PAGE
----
Sara Falkevik describes Brunogallerian as a concept that is unique and there is no other mall in Sweden that looks like Bruno. It is both Bruno's big disadvantage and advantage. The downside is that Brunogallerian are quite a vulnerable small player with few shops that are extremely trendy and appeal to a trendy audience. The property owner of Brunogallerian has chosen to invest very heavily in the trendy and niche concept, and also because it manages a house with a lot of office space with ad agencies, music producers that they pay high rents. Brunogallerian is a creative place and it is therefore important to keep Brunogallerian functioning for both the offices and the stores, the house breathes creativity. There is a restaurant in the middle of the mall called “Ljunggren” and they work a lot with events, also in the evenings since Ljunggren is a very popular restaurant

and night club. The advantage for being such a small player with specific brands is that they can do different things than other shopping malls. They are completely different by working with culture and society, combined with shopping. Sara Falkevik sees that it becomes increasingly common that the unique concept of Brunogallerian starts to show more in the larger shopping centers, but Sara Falkevik says that it feels less credible in the same way since there is a special feeling and spirit in Brunogallerian.

Sara Falkevik criticizes the larger malls and argues that there is a problem with the majority of malls. There are many stores in malls that are much trendier and have a different profile than the profile of the shopping mall. But she still holds that it is not easy for a large shopping center to be able to reflect all brands. It is a big challenge and for Brunogallerian it is much easier to work with the brand since they can work pretty trendy, innovative and daring. Sara Falkevik considers the advantage of having fashionable brands is also that they understand them and that they dare to push the boundaries and doing different things with the brand Bruno. She considers the advertising of the larger shopping malls as boring and standardized and can in some cases damage the brands of the stores in the mall rather than benefit them.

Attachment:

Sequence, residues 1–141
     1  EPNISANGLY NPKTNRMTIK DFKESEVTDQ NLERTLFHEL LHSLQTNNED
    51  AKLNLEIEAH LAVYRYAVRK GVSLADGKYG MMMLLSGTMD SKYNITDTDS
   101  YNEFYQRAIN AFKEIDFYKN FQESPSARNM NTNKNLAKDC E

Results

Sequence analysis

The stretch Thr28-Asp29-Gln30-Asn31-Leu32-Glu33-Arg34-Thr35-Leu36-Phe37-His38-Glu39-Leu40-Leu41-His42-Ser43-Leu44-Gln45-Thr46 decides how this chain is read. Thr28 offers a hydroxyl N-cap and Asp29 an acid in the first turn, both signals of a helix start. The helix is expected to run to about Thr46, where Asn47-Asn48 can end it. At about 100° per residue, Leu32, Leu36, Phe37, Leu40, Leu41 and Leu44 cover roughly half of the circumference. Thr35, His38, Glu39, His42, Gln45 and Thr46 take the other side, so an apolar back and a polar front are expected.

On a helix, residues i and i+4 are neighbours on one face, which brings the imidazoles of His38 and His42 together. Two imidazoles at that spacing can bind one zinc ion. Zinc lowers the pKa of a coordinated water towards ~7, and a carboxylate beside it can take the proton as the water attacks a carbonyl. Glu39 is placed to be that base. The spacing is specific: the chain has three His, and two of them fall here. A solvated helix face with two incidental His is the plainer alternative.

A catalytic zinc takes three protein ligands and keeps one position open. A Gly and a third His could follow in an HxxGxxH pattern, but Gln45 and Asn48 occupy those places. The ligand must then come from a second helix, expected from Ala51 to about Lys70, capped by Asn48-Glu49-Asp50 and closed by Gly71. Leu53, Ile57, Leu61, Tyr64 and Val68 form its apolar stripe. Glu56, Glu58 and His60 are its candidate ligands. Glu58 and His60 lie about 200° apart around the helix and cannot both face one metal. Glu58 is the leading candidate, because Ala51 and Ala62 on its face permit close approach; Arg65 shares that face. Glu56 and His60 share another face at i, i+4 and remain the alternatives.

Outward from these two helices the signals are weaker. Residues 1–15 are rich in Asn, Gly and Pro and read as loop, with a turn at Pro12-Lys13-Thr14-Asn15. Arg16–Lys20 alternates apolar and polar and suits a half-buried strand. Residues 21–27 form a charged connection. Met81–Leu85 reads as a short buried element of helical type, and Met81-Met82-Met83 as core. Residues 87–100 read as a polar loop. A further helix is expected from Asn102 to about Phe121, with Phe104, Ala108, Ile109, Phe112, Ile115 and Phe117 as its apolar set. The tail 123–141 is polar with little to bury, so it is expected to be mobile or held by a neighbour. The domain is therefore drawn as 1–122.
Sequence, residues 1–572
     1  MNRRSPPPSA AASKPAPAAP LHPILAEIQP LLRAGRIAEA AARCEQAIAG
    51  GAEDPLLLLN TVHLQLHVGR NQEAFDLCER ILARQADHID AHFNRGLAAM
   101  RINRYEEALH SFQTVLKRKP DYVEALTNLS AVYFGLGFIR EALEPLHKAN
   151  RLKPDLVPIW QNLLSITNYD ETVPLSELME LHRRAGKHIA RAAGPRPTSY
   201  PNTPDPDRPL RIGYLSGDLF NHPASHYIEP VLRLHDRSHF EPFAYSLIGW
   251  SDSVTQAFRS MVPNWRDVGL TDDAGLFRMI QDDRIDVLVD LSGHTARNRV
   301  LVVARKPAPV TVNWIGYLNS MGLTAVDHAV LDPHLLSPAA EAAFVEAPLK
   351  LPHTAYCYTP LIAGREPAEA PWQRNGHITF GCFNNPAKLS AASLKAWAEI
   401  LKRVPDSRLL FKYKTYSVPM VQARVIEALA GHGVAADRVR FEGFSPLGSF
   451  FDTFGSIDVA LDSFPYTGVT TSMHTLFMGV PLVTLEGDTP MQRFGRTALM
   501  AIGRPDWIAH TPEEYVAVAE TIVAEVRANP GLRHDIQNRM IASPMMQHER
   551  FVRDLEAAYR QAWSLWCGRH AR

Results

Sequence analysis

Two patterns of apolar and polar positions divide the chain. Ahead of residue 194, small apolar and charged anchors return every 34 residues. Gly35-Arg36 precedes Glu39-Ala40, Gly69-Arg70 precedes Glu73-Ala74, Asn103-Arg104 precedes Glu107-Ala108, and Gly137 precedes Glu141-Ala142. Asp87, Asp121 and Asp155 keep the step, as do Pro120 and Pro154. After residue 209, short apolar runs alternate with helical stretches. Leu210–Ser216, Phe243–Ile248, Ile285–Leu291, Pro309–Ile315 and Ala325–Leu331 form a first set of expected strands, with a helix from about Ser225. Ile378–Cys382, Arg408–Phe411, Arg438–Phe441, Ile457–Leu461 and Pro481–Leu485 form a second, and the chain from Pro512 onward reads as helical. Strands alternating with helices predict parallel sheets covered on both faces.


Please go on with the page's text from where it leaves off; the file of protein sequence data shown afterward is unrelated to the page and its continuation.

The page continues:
4.1.3 Creating relationships with the consumers

Sara Falkevik considers the only way to create relationships with the consumers is to have a good dialogue with the stores in Brunogallerian. The stores are those who are on site daily and they know what the consumers want. Even if it is Sara Falkevik who takes the decisions and decides what the stores should do, it is important for her that she is very humble and listens to them. She listens a lot to the stores and their input is extremely essential, it is one great advantage of being a small mall. In larger shopping malls, she thinks it is much trickier and the malls are often controlled by the management on top. But in her case she can really respect each one of the

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stores and often asks questions such as "What do you think of this idea? Would this work for you?But she cannot allow the stores to manage 110% since it also has the brand Brunogallerian to look after which is owned by the property owner.

To get consumers to come back to the mall they put great emphasis on that the stores are highly service oriented and takes care of its consumers. With the brand Brunogallerian they work with that it should always be interesting and exciting to visit the mall and hopefully get frequent returning consumers. In Brunogallerian they have an Adidas store who works very much with service and they have a lot of returning consumers. It is about creating a good spirit in the place so the consumers know that the place is alive. They have worked a lot with creating Brunogallerian as a place where people just "chilling" and sit down, connects with WI-FI and it almost feels like in a living room. This begins to embrace more and more of the major shopping malls and it is very important today to work with relationships. Bruno has done it since day one and continues on building up a strong spirit around the mall.